The Motif of the Journey in Chaucer’s "The Canterbury Tales"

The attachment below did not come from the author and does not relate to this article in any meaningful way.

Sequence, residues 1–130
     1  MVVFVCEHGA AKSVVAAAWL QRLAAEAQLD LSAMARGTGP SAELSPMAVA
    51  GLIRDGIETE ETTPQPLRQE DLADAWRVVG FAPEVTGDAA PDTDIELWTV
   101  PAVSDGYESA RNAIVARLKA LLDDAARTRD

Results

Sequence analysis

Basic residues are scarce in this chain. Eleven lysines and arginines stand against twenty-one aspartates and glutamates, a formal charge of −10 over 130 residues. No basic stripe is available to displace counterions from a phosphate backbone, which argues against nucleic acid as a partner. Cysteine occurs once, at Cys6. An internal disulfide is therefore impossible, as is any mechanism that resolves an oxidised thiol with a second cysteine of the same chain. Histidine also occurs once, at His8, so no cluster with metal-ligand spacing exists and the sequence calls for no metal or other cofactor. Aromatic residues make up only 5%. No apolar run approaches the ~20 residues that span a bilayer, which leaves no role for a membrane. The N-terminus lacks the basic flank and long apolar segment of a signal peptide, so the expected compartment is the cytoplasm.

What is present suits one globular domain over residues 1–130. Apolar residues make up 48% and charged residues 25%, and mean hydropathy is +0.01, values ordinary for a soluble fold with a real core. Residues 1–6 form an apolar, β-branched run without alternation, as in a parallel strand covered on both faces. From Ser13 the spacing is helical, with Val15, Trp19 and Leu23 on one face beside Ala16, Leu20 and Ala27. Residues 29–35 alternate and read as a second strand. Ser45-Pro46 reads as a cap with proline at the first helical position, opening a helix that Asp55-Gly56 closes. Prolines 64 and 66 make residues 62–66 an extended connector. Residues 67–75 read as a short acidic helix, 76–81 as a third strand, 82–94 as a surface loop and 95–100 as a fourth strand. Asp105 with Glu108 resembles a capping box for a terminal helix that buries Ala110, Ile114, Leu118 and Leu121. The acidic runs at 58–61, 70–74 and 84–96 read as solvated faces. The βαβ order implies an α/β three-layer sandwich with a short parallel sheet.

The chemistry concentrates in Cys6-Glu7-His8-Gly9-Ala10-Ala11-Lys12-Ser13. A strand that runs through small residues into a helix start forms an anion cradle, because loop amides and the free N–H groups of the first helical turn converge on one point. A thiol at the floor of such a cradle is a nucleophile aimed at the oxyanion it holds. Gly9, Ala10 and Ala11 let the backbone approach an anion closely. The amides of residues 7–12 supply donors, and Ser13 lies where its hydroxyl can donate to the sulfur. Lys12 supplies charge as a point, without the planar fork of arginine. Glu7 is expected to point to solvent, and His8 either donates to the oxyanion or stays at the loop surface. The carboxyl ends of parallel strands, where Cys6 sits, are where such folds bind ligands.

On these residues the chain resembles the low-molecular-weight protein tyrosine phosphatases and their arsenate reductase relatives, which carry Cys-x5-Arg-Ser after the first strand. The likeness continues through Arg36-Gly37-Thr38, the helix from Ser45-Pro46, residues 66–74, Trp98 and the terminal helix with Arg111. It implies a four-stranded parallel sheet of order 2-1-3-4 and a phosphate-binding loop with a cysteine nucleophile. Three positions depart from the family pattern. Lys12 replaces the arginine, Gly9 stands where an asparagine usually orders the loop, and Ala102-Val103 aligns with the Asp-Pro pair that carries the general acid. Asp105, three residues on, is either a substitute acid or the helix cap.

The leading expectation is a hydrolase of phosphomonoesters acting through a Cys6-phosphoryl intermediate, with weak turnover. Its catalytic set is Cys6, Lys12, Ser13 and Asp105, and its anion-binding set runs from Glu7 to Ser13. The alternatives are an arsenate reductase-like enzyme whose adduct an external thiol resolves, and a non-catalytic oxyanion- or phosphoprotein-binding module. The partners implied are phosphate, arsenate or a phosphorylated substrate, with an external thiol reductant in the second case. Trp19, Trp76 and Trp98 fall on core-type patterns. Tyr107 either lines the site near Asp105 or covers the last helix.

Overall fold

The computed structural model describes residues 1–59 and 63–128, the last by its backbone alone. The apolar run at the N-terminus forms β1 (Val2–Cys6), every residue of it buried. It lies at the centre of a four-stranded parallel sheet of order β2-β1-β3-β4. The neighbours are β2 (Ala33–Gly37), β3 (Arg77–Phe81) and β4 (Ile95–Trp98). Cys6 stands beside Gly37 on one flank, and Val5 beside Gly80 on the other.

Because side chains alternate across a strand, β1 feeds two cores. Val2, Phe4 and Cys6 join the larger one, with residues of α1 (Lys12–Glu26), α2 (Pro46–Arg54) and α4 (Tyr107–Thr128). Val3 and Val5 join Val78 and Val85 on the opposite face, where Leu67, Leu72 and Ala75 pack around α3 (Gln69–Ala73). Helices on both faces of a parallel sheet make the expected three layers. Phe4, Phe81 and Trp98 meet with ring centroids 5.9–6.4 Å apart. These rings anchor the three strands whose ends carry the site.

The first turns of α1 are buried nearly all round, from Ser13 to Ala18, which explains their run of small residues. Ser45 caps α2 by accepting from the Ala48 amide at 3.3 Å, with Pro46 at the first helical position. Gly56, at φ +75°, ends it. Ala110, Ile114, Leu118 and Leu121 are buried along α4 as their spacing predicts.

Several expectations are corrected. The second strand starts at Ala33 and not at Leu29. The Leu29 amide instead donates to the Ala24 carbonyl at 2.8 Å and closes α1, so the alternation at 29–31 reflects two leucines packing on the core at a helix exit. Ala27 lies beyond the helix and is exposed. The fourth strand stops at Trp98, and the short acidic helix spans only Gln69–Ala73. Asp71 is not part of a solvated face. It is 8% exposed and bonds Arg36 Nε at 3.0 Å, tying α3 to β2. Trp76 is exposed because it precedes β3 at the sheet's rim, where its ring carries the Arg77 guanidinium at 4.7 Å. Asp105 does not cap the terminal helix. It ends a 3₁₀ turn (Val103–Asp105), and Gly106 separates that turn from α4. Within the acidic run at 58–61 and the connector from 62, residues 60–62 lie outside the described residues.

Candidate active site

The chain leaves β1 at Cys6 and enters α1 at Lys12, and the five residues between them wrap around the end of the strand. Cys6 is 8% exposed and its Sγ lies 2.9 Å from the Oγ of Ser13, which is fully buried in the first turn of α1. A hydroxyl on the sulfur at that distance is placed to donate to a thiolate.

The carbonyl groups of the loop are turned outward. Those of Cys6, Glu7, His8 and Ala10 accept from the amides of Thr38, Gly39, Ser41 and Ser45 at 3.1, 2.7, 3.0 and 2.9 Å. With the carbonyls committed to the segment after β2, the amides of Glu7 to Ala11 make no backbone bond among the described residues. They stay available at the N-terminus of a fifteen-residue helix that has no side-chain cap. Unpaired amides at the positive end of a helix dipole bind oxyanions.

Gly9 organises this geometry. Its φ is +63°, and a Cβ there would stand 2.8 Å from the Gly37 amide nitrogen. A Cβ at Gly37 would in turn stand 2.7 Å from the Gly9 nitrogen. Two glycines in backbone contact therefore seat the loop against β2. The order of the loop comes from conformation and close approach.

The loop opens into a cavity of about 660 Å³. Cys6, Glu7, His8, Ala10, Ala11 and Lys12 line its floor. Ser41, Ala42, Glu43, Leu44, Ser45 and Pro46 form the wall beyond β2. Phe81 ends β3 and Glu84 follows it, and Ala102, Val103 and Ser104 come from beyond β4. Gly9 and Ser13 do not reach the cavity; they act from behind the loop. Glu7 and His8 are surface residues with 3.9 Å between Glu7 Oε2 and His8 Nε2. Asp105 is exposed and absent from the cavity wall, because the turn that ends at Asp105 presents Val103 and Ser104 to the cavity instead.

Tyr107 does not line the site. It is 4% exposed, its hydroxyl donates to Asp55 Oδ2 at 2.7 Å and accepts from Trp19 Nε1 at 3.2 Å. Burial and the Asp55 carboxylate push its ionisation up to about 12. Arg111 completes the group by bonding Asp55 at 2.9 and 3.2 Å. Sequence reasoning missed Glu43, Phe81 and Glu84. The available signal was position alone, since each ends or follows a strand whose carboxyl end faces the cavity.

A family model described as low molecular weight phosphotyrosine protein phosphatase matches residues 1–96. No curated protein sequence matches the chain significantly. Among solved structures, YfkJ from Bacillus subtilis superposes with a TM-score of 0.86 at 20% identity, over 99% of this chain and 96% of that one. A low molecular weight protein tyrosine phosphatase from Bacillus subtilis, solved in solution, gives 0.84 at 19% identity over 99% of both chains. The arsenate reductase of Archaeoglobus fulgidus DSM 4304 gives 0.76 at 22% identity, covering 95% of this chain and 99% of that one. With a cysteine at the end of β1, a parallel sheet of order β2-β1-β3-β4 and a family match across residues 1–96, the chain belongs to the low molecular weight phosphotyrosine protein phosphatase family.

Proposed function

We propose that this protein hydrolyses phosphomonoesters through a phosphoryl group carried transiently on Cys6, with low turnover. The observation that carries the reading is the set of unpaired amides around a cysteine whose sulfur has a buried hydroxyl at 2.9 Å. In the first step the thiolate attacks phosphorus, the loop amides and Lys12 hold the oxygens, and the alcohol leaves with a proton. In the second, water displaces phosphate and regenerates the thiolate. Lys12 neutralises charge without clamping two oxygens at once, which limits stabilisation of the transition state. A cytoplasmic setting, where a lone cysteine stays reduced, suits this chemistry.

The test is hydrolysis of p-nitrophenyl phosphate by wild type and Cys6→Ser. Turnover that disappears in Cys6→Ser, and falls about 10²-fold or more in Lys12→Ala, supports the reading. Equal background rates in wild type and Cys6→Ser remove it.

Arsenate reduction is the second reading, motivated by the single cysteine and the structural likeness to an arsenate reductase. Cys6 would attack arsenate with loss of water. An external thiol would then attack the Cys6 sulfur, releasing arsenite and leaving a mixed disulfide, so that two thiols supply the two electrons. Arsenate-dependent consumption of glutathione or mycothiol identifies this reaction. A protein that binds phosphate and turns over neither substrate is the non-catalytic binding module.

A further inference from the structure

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To draw the conclusion, one can say that the major journey in The Canterbury Tales is used primarily as a literary device that brings together a disparate group of travellers with a common purpose, allowing Chaucer to engage in a broad social commentary. The General Prologue introduces the book as a whole, in addition to the array of diverse characters who narrate the subsequent tales. These characters are representative of the three estates: military, clergy and peasantry and The General Prologue is an Estates Satire that is able to criticise the abuses that occur within these estates (particularly the clergy, with a large representative including the Prioress, Monk, Friar, Parson and Pardoner). The pilgrimage is not particularly significant to the Motif of the Journey, but it is a useful technique for setting up the Estates Satire of the General Prologue and for binding together each of the varied stories that make up “The Canterbury Tales”. Therefore, the main character goes through changes, or discovers something about themselves. A motif is a reoccurring theme or idea, and journey can often mean discovery in literature.…
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